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Food
Food Bytes PG Cookbook The Food Chain
Kitchen Mailbox Countdown to Dinner Dining
Feta "Cookies"

The word cookie is in quotes, because this is a savory not a sweet treat. The recipes comes from a prize-winning cookbook, whose co-author is former Pittsburgher Diane Morgan. It is delicious -- and addictive.

2 cups all purpose unbleached flour
1 or 2 sprigs fresh parsley
1 or 2 sprigs fresh dill, or 1/4 teaspoon dried
2 sticks (8 ounces) unsalted butter
1/2 pound feta cheese, crumbled
1/2 cup (4 ounces) slivered, blanched almonds

Preheat the oven to 350 degrees. In a food processor fitted with the metal blade place the flour, parsley and dill. Run the machine until the herbs are well-blended into the flour. Remove and reserve.

Mix the butter and cheese in the machine until well blended, about 30 to 40 seconds. Return the flour mixture to the work bowl, arranging it evenly over the butter and cheese. Pulse the machine until the dough is mixed, but do not overmix! It is better to gather the dough into a mass with your hands than to run the machine until a ball forms.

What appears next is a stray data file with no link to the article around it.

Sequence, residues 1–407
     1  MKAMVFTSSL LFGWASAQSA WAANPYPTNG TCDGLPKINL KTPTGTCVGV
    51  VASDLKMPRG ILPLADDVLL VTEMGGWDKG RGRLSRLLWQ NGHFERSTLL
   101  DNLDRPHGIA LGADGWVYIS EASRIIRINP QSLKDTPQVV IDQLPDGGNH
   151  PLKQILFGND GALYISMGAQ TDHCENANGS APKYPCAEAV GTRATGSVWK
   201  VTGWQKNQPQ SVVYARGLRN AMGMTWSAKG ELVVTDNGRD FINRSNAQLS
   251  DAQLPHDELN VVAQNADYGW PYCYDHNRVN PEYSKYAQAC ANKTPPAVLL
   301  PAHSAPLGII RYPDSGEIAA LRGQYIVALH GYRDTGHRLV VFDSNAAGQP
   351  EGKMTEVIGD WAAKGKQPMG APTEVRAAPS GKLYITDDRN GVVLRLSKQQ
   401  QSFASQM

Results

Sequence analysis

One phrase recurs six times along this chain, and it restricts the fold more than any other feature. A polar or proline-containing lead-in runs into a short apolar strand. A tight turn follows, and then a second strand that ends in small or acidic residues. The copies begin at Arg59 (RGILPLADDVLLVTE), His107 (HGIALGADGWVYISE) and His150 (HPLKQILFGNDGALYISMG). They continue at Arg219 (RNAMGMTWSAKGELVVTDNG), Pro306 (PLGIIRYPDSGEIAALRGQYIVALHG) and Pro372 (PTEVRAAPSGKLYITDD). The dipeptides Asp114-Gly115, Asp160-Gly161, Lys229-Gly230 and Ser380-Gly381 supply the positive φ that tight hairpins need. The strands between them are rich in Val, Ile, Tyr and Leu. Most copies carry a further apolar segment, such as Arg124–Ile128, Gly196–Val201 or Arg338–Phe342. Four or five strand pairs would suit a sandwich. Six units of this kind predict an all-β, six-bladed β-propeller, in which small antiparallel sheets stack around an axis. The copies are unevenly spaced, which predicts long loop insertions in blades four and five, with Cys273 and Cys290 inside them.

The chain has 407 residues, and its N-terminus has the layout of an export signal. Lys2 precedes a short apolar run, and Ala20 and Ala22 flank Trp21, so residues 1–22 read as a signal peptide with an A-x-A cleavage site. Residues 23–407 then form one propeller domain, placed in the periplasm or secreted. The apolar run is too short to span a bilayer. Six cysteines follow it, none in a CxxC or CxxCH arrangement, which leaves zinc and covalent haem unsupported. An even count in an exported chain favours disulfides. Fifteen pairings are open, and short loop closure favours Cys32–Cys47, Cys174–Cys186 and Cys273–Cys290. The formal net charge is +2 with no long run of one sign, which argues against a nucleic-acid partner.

Roll the dough to 1/4 inch thickness, then cut out 1 1/2 inch circles (the authors used a scalloped cookie cutter, but we used a simple round one). Place a piece of almond in the center of each "cookie."

Bake on ungreased cookie sheet for about 25 minutes and serve warm. Somewhat longer baking will be needed if your are baking the rounds from a frozen state.

Note: We cut out the cookies, placed them on cookie sheets, wrapped in aluminum foil and froze them unbaked. When guests arrive, remove from freezer and bake. (It might be a good idea to set a timer in an inconspicuous place in the living room, so you don't forget them.)

Makes 6 to 7 dozen rounds:

"Entertaining People," Dan and Kathleen Taggart and Diane Morgan.

Thursday, December 07, 2000



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